The Doctors: Hammer Toe Surgery & Frey’s Syndrome Facial Sweating


The Doctors: Hammer Toes

Chenelle has never been happy with her feet, and she has had multiple problems with them, including the fact that her second toe is longer than her big toe. This common situation, known as Hammer Toe, causes the longer toe to be pushed back.

The Drs: Tailor’s Bunion

Podiatrist Dr. Ali Sadrieh performed a surgery to shorten the toe. They dislocated it, and used an implant to fuse it back together. Dr. Sadrieh also repaired her Tailor’s Bunion. This Hammer Toe surgery is innovative and dramatically reduces the patient’s recovery time. He showed an animation that explained the surgery and why it is more successful than the previous procedure.


The Drs TV: Frey's Syndrome

If eating everyday foods makes your face sweat, you could have Frey's Syndrome.

Dr. Ali Sadrieh: Innovative Hammer Toe Surgery

Chenelle’s new toes were revealed on the show. Dr. Ali Sadrieh said that the recovery time is two to four weeks, and the results are much longer lasting. Before and after X-Rays showed the effects of the surgery. Dr. Sadrieh said that Chenelle would be wearing tennis shoes in two weeks.

Non-invasive options aren’t as effective as surgery, but can be effective short term solutions. Suggestions include Toe Splints. You can consult a podiatrist for other options or to learn more about your potential as a surgical candidate.


The Doctors: Facial Sweating Causes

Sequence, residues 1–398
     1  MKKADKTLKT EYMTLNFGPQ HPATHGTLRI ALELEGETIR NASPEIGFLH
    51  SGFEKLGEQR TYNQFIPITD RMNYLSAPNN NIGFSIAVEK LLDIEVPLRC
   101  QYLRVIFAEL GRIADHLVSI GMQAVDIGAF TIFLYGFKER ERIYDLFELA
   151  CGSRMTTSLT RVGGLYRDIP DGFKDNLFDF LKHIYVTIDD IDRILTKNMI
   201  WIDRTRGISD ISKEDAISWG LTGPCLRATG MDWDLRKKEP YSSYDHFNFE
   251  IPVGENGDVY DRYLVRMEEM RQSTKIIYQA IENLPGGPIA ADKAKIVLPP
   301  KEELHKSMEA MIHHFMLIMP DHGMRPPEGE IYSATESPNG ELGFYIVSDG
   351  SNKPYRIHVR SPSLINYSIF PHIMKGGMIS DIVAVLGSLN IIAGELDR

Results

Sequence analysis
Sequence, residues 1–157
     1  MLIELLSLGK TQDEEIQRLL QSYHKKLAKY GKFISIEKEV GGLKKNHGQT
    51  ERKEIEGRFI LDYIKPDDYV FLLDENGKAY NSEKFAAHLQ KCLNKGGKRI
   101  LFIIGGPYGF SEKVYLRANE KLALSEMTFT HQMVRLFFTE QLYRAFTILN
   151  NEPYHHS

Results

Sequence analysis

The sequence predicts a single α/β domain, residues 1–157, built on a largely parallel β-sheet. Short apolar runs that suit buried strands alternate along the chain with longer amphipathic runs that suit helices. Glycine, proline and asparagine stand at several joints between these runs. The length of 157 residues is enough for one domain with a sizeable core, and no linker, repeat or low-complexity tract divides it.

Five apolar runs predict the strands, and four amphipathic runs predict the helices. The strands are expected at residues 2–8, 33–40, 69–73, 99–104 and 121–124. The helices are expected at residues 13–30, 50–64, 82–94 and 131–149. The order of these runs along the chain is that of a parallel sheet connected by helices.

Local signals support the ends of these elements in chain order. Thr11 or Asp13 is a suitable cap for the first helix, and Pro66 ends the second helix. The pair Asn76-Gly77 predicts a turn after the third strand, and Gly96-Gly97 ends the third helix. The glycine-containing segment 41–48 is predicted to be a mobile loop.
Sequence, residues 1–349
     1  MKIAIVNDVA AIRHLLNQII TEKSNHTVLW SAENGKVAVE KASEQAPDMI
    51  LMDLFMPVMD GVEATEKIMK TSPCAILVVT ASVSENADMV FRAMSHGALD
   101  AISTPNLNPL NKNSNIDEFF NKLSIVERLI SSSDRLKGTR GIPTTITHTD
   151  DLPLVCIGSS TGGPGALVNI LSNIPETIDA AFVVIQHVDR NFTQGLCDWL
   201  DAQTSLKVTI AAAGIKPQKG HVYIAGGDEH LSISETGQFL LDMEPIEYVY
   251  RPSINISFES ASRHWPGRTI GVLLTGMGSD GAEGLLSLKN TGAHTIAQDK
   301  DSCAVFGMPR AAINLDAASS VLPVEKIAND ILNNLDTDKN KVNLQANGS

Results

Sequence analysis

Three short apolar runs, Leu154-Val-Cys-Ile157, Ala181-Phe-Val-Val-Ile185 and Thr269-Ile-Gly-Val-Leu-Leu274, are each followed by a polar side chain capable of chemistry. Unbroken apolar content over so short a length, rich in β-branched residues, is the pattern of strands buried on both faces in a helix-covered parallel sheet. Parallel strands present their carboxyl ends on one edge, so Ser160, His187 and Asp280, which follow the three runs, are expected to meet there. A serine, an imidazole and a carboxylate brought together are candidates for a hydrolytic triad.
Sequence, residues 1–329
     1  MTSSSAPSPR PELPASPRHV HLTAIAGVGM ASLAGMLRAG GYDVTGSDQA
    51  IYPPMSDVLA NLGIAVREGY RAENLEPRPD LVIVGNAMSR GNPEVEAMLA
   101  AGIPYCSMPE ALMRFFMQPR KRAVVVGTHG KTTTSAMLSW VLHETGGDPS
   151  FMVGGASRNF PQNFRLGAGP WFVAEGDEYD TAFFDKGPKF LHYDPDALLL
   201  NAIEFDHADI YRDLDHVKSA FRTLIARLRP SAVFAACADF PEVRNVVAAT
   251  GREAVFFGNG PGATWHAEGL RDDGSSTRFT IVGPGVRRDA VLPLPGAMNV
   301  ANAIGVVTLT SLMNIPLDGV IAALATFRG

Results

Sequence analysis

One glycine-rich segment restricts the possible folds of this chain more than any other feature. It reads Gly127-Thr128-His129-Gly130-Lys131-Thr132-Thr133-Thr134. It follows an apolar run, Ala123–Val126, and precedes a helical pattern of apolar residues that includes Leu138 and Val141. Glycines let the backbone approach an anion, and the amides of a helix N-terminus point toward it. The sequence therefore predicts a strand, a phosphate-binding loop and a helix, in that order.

Rochelle had her left carotid gland removed in 2001. Now she sweats alongside her removed gland anytime she eats. She says it’s embarrassing, especially around strangers. Dr. Andrew Ordon said he would perform an Iodine Starch Test to show that Rochelle has Frey’s Syndrome, which is commonly caused by a Carotidectomy.

The Doctors: Frey’s Syndrome Cures

Dr. Ordon explained that when Rochelle eats, she sweats and turns red instead of generating saliva. After prepping her, Dr. Ordon gave her foods that would typically generate saliva. With Frey’s Syndrome, your nerves are exposed and send signals to sweat glands instead of salivary glands.

The Drs: Frey’s Syndrome & Botox

Dr. Ordon’s test was positive, and he said that treatment options include medications and antiperspirants. A surgical option would reopen her original incision site to cover the interface between the exposed nerves and sweat glands. Another potential option is Botox, which has been used to stop excessive sweating in other areas of the body.


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